In this article, we look at the crucial differences between CPA Crane hire and Contract Lifts, as well as the comparative advantages and disadvantages.
According to the standard terms set down by the CPA (Construction Plant-Hire Association) and adhered to by most operators in the construction industry, crane hire looks something like this:
If you are planning a lift, the most common thing to do is to hire a crane and operator to work to your instructions on the site. This means that you handle planning the lift, selecting a suitable model of crane and are responsible for arranging slinging and signalling. You are also responsible for supervising the lifting while it is in operation. This means you must provide a competent and appropriately trained Appointed Person to oversee the process.
As soon as the hired crane leaves the public highway, it is completely your responsibility. You are responsible for creating a risk assessment and method statement, and for complying with BS7121 and LOLER.
The CPA Model Conditions (2001) for hire agreements Clause 13 places complete responsibility upon the hirer for:
for the duration of the hire period.
In other words, the provider/Hirer has a duty to provide a crane in good condition and a competent operator for the hiring period, but beyond this their legal liability ends. Under the CPA rules, the vast majority of risk and responsibility lies in the hands of the hiring party.
When spelled out like this, it begs the question why CPA Crane hire is such a popular option. In some ways it certainly suits the plant hire companies as it shifts the burden of risk to their customers. On the other hand, it allows plant hire companies to give customers a price advantage for this kind of contract.
CPA Crane hire contracts are easier to arrange and have fewer upfront costs. However, the customer inevitably undertakes more financial responsibility in real terms, as they need to make sure the plant is insured, well looked after and supervised while it is on site.
So, what is the alternative to CPA Crane hire agreements, and do they offer an advantage in terms of risk management and cost savings?
A contract lift is the main alternative to CPA crane hire. With these agreements, the customer still hires a crane and qualified operator. But beyond this the Crane hire company also takes on further responsibilities. For instance, with a contract lift, the Crane hire company will plan the lift, select a suitable crane, will designate an Appointed Person, supervise the lift and arrange the slinging and signalling.
In other words, the hiring company takes on the majority of the risks and responsibilities that would otherwise devolve on the customer.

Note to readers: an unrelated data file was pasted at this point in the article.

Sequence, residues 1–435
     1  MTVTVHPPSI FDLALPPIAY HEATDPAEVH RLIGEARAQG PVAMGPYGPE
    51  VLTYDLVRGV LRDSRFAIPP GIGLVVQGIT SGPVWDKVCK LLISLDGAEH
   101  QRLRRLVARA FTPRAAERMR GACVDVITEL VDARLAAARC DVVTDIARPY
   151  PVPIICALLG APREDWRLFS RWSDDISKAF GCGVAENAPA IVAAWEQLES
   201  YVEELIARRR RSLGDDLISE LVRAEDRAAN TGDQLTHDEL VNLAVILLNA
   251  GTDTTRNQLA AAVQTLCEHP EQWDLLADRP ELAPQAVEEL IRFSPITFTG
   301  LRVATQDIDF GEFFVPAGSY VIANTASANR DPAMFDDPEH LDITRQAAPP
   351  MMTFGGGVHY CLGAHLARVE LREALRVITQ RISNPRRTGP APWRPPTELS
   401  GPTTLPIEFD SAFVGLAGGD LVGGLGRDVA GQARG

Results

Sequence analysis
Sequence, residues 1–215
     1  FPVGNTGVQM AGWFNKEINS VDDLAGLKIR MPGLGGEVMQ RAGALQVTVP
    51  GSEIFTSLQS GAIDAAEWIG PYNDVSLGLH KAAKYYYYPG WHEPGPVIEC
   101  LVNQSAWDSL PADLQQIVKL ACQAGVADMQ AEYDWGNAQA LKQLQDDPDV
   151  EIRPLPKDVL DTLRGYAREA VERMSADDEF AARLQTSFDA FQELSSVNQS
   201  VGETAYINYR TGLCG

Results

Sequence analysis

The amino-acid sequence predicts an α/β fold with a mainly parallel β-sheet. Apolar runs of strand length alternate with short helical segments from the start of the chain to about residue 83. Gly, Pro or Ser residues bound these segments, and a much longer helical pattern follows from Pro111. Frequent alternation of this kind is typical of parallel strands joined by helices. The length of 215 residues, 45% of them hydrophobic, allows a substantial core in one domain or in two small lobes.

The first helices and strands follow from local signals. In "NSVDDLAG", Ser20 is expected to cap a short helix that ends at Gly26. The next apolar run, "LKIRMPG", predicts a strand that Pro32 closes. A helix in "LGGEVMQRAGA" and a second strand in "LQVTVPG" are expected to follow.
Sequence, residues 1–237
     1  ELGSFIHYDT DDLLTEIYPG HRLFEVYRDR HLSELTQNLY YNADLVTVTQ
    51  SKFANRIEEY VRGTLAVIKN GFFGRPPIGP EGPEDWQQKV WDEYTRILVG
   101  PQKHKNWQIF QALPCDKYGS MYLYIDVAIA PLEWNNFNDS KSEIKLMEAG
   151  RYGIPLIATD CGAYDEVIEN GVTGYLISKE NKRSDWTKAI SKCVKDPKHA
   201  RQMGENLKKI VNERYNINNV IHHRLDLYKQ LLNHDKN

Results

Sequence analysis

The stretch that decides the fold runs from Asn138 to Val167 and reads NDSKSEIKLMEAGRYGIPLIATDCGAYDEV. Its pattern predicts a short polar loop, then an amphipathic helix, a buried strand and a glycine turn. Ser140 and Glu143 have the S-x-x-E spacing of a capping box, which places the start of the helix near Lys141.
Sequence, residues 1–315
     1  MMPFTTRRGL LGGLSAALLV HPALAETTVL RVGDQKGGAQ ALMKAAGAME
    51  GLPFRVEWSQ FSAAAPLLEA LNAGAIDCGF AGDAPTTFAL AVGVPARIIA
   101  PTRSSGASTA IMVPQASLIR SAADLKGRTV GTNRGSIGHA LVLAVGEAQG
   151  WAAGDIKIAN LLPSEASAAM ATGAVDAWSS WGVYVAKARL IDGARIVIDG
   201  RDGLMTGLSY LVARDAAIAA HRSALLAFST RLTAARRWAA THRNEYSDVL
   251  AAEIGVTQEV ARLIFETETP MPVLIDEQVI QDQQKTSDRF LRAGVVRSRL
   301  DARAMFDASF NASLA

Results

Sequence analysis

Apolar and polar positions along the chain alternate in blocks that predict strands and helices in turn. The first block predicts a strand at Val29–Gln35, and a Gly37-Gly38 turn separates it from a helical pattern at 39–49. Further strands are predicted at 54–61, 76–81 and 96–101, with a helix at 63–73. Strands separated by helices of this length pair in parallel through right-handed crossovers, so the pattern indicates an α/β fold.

This significantly reduces the level of risk and financial costs in real terms for the customer; even if the upfront costs of a contract lift are usually more than CPA crane hire agreements.
Crucially, the provider handles the following risks, which under CPA would be the customer’s responsibility:
– The Crane hire company is responsible for loss or damage to the crane and associated equipment while
on the customer site and under their control.
– In many cases, it is the Crane hire company that insures the goods being lifted against loss or damage.
– The customer is not liable for continued hire charges if the equipment is rendered incapable of function due to loss or damage.
– The Crane hire company takes on legal liability in the event of an injury to the driver while under the supervision of the customer. This legal liability also extends to injury to third parties and damage to property arising from the lifting operation while the crane is on site.
When viewed in this way, many buyers and procurement managers will breathe a sigh of relief at the prospect of a Contract Lift, as opposed to a CPA crane hire, despite the higher upfront costs.
There are advantages and disadvantages to both CPA crane hire and Contract Lift. At the end of the day, the decision you make will be very much based on your budget, the resources you have on site, your insurance, and the relationship you have with Crane hire partners.
Most Crane hire companies will offer both types of service, so in a nutshell, your decision as a procurement manager or buyer is based on how much you wish to reduce risk compared with how much you are willing to spend upfront. Unfortunately, risk is so often an intangible factor, while the balance book is not.
This being said, here is a summary of the implications of CPA crane hire versus contract lift:
– contractually, the entire lift is the responsibility of you, the customer. You must be insured against injury and damage to the equipment and third parties during the lift. You must also make sure there is an Appointed Person and suitable professionals available to supervise the lift while it is taking place.
– the crane, driver and the lift operation remain primarily the responsibility of the plant hire company throughout the operation. This means that the hirer insures the plant against damage, and takes legal liability for any injury, loss, damage or destruction to property that takes place during the lift – including damage to the goods and materials being lifted.
We hope that these considerations will help buyers and procurement managers think again about the comparative benefits of Contract Lift as opposed to CPA crane hire. In the long term, a Contract Lift can significantly reduce risk on site, while saving money in real terms on resources that can be diverted elsewhere.
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